Aussies unaware of sun protection rules to prevent skin cancer

A new study from Cancer Council Australia has shown that despite bearing the brunt of the hot sun’s UV rays and being prone to skin cancer, Australians are largely unaware of the protective uses of sunscreen and fail to adopt sunscreen application practices correctly.

Aussies unaware of sun protection rules to prevent skin cancer. Image Credit: Juan Aunion / Shutterstock
Aussies unaware of sun protection rules to prevent skin cancer. Image Credit: Juan Aunion / Shutterstock

The study revealed that most Australians (92 percent) do not know that they need to be protecting themselves from the harsh rays of the sun when the UV levels are three or above. A further 85 percent are unaware of how to use sunscreen correctly the survey notes.

The campaign “slip, slop, slap” means “slipping on protective clothing, slopping on SPF30 or higher, broad spectrum, water resistant sunscreen, slapping on a broadbrimmed hat, seeking shade and sliding on sunglasses” when the UV rays reach 3 at around 10.30 AM.

Heather Walker, chair of Cancer Council's National Skin Cancer Committee explains that all five steps of sun protection should be adopted once the UV levels reach 3 because skin and eyes can be damaged slowly in small installments that can later add up to the skin cancers. She adds that the UV rays are known to be cancer causing or carcinogenic and cause around 95 percent of all melanoma cases in Australia. Melanoma kills around 2000 Australians yearly.

To combat and understand the increasing incidence of sun-caused skin cancers the National Sun Protection Survey has been in place for a long time. It shows that 93 percent of individuals do not know when sun protection was needed in 2013-14. The latest survey in the summers of 2016-17 shows that a quarter of the participants in the survey (24 percent) are under the mistaken belief that they can judge how much damage the sun can cause by the temperatures alone. Another quarter (23 percent) thought cloud cover, winds and humidity could protect them from sun damage. That UV rays from the sun were responsible for the skin damage leading to sunburns was cited by only 39 percent of those who were surveyed.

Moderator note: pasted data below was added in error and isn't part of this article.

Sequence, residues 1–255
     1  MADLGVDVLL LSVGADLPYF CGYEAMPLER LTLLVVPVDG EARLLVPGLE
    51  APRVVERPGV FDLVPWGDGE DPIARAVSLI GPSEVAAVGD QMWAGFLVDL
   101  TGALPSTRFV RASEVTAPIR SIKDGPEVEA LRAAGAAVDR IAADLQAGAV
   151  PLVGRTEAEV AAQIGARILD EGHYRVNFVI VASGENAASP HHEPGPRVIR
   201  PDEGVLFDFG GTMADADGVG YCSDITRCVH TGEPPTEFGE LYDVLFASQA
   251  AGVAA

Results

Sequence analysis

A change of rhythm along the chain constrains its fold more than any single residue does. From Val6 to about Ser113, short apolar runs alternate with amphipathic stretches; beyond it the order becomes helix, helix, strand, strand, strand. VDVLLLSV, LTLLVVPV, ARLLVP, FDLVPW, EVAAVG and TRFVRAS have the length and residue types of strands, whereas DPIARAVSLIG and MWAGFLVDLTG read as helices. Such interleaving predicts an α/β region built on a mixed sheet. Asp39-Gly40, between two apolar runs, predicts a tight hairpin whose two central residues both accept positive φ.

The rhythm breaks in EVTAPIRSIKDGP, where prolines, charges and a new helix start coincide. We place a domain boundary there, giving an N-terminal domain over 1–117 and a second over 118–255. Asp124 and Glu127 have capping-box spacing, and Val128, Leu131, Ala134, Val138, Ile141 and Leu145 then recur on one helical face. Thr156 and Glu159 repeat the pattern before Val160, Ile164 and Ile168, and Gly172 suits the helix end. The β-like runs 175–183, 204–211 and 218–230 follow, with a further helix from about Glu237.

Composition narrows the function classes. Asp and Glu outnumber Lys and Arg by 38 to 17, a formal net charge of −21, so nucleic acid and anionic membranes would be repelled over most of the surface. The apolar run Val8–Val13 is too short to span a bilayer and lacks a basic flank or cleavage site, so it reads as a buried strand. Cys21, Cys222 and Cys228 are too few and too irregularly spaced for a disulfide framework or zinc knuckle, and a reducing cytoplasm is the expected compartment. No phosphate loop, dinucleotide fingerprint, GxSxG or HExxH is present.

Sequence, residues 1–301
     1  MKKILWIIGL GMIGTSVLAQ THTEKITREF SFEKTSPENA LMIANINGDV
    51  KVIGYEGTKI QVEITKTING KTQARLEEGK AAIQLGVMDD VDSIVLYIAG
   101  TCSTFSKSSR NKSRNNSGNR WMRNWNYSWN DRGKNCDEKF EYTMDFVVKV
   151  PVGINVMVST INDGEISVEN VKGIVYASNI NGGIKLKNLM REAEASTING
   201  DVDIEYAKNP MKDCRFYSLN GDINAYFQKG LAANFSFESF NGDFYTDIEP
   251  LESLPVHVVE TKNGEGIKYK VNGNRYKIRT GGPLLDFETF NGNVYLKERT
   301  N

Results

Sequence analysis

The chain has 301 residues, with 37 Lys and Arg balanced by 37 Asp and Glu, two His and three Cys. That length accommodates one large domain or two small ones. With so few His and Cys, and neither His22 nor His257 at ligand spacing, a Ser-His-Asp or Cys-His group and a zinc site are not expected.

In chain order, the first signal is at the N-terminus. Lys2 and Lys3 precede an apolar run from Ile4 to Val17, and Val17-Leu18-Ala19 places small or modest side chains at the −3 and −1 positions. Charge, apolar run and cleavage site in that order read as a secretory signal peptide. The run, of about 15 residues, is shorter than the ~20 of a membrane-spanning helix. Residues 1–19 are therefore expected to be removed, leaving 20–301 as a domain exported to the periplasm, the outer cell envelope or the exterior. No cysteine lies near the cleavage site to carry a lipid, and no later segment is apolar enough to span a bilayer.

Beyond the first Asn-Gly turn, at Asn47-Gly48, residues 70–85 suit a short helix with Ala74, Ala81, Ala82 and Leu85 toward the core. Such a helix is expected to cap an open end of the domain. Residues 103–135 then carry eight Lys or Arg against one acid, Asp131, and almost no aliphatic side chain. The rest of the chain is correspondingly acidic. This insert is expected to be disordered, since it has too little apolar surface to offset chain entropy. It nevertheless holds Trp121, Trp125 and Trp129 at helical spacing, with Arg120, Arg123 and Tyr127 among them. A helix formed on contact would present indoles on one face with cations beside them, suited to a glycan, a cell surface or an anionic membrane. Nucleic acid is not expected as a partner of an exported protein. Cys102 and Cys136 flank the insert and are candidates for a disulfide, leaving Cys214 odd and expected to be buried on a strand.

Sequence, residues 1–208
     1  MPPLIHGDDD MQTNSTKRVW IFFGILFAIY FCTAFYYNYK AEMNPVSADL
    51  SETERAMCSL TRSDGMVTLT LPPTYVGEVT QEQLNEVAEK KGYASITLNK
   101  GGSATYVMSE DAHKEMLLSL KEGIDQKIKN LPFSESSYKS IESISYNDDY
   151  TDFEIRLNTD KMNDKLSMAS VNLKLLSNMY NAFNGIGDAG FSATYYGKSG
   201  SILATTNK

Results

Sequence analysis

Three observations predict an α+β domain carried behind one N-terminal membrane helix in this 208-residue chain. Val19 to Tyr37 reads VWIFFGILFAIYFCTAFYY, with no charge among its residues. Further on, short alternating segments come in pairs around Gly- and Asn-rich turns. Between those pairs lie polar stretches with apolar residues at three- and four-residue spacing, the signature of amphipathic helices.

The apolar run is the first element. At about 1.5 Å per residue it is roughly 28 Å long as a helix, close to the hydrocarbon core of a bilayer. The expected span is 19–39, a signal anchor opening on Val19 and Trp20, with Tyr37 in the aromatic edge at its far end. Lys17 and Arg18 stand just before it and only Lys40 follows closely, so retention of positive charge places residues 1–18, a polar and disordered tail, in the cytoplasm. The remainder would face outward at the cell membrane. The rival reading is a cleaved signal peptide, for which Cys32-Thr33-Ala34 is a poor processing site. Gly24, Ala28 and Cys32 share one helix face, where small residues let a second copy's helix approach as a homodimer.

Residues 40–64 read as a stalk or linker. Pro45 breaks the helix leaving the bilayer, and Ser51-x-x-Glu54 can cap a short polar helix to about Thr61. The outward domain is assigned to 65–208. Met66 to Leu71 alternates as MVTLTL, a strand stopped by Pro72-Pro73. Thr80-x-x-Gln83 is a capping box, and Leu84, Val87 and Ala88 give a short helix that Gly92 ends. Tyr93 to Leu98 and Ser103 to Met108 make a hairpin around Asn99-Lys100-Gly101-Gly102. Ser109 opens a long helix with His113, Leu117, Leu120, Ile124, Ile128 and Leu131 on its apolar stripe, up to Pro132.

Experts have explained that UV rays are usually undetectable with the naked eye and thus pose a great danger. They can be checked daily by the daily UV Index charts that come from the Australian Radiation Protection and Nuclear Safety Agency (ARPANSA) or Bureau of Meteorology (BoM). The health experts have warned that this month in Sydney, the UV levels would cross levels 3 between 10.30 AM and 4.30 PM.

On cloudy days, the experts say or at sea beaches, the UV rays may bounce off the clouds or the seas providing with a “double dose” of the harmful UV rays on the skin. Some types of clouds alone can provide actual UV ray cover. The UV ray intensity varies with a lot of factors say ARPANSA experts. These include storms, pollution, cloud cover, bushfires and ozone layer changes. Aerosols and El Nino and La Nina also alter the UV levels significantly. UV index includes values of both UVA and UVB. The latter is responsible for the cancers and the index thus gives a greater weightage to UVB.

Ms Walker says what most people feel is that it is a “warm, lovely, sunny afternoon, I don't need sun protection.” It is scientifically wrong to assume so she says. Outdoor activities should be planned once the UV levels are low she says. According to Professor David Whiteman, who is head of the Cancer Control group at QIMR Berghofer Medical Research Institute and the convenor of the Sunscreen Summit that starts today (19th of March 2018) in Brisbane says public awareness regarding sunscreen use is a challenge.

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